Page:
“I find television very educating. Every time somebody turns on the set, I go into the other room and read a book”
Books all depend on who you are and your frame of mind when you read them so recommendations are whatever you chose to make of them.
In the last five years I have hardly read anything published in the last 50 years. My thinking is that if a book has been in print for 200 or 2000 years it is probably worth reading. You know the old Mark Twain quote ‘a classic is a book that everybody praises but nobody reads’. Well, I decided to read them. On average I read about 2-3 (mostly old) books per week. Almost always while I am at work 🙂. May as well make that time productive!
[In a future post I’ll describe how to read a whole book in a day while at work. Hopefully the post that changes the world :). Ultimate idleness!]
Anyway, there are a few books that have changed my life. I have observed that the books that have really impacted me are all small in stature. Maybe 150-200 pages and often printed at least 25 years ago.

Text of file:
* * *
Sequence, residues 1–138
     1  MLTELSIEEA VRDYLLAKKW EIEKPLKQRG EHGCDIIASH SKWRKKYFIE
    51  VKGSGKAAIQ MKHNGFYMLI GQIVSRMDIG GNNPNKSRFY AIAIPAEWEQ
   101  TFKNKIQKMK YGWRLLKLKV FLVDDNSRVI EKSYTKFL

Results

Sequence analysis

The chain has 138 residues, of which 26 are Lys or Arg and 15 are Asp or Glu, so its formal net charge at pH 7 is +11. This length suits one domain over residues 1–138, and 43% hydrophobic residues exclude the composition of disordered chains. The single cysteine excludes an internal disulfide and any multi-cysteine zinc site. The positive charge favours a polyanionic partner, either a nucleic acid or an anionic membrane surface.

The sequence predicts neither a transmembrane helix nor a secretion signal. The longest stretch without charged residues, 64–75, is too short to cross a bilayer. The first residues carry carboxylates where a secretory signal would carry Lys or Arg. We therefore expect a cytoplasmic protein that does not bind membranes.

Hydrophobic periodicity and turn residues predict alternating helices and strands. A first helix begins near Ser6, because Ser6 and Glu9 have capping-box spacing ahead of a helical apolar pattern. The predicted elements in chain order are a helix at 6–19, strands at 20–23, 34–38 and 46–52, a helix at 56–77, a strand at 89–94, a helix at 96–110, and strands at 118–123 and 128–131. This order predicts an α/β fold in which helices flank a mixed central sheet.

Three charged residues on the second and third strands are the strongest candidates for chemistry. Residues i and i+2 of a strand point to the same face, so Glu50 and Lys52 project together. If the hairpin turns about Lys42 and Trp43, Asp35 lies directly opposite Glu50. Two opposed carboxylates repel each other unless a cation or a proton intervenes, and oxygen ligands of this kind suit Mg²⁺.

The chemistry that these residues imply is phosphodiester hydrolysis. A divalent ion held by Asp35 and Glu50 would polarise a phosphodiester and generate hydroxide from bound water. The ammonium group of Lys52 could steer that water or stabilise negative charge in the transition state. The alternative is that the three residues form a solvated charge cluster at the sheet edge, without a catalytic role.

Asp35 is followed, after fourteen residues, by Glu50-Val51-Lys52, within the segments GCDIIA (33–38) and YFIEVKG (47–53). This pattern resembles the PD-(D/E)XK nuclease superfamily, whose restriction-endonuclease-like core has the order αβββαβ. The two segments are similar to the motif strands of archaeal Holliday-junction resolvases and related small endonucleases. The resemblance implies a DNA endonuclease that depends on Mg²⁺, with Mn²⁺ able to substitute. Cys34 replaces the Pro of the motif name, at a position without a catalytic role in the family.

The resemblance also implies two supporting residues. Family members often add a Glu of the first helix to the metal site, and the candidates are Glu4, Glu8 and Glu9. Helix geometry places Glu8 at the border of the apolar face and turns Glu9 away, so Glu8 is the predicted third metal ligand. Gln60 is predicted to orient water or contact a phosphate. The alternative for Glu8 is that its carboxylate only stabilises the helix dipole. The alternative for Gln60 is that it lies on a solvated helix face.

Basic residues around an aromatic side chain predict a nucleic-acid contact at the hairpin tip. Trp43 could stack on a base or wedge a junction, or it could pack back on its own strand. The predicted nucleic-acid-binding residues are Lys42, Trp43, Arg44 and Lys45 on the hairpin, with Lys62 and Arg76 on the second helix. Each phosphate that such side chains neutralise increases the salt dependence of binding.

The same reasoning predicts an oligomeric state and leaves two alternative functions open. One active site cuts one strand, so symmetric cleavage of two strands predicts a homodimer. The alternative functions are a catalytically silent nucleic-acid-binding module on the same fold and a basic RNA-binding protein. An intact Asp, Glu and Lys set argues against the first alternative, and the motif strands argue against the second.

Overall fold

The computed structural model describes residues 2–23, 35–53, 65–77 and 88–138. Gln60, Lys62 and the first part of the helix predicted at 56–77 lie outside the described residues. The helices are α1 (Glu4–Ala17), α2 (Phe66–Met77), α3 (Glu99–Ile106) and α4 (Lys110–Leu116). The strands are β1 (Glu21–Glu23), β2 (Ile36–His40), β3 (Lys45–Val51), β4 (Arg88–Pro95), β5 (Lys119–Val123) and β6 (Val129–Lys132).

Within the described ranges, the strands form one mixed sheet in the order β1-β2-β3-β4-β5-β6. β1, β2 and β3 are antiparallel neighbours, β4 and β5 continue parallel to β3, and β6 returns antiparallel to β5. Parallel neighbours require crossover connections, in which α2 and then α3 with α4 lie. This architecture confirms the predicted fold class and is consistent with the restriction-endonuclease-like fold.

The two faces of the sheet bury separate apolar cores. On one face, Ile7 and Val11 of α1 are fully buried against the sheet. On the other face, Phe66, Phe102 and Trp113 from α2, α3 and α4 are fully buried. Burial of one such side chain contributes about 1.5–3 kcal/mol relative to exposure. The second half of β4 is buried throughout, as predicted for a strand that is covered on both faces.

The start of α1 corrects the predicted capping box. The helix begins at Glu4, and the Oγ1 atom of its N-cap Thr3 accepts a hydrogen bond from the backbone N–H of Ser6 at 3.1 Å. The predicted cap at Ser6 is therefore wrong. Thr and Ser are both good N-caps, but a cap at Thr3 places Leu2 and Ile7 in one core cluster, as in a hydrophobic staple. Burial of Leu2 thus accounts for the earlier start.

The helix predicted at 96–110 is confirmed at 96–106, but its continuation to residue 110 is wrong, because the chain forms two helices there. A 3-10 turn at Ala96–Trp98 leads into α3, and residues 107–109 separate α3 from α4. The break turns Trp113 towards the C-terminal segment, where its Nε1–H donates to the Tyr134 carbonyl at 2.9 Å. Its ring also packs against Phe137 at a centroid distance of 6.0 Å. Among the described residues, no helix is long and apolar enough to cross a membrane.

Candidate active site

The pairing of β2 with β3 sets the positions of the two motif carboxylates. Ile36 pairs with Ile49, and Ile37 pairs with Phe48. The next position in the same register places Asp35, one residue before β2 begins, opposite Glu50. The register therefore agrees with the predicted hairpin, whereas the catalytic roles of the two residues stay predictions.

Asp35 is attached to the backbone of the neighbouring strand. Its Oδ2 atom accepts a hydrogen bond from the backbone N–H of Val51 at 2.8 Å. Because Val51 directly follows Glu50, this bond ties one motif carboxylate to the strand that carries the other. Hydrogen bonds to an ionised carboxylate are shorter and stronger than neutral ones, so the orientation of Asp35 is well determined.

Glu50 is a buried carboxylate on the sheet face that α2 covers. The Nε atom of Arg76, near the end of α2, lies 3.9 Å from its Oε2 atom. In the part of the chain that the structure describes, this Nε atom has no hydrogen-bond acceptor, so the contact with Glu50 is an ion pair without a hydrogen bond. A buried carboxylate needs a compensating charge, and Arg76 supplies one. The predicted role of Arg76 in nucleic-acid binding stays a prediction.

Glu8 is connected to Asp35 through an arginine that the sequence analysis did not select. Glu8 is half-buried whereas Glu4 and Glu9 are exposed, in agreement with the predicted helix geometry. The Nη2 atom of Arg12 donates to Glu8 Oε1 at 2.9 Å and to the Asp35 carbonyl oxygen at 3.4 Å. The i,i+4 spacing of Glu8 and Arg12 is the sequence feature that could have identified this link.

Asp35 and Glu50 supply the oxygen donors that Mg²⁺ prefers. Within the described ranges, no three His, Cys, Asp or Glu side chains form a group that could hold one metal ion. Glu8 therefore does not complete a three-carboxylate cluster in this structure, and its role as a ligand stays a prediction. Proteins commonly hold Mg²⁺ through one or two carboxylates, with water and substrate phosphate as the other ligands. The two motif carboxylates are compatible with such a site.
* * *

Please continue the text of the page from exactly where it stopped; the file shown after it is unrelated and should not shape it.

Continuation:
Here are a few good reads with their Dewey Decimal Number (so you can find them at your public library) :
Three men in a boat by Jerome K. Jerome (FICTION).
Oh, The Places You’ll Go by Dr. Seuss (greatest philosophyof life ever! Get it out of your library!!!).
Food Rules by Michael Pollan (613.2 POL).
One straw revolution by Masanobu Fukuoka (631.58 FUK)
Earth Chronicles by Zac Sitchin (001.94 SIT – the jury is still out for me, but they are a damn interesting series).
The magic of awareness and No Self, No Problem by Anam Thubten (294.3444 THU).
Most writings from Samuel Johnson.
Tao Te Ching by Lao Tzu (299.514 LAO).
The Freedom Manifesto by Tom Hodgkinson (646.7 HOD).
China Study by T. Colin Campbell (613.2 CAM).
Early Retirement Extreme by Jacob Fisker (332.024 FIS).
Almost anything by Alan Watts.
The Odyssey by Homer (883.1 HOM).
Small is Beautiful: Economics as if people mattered by E.F. Schumacher (330 SCH).
Bonjour Paresse (Hello Laziness) – Corinne Maier (650.1 MAI).
Anything by Herge, Uderzo or Goscinny.
The Anatomy of Melancholy, by Robert Burton (the 1638 edition).
This is for starters. I will add to the list as I discover new books worth recommending. Given how many books I read I will be recommending less than 1 in 100.
Please post your recommendations by clicking the speech bubble under the title of this post. I’ll certainly read them.
Drink deeply from good books. Enjoy the ride :).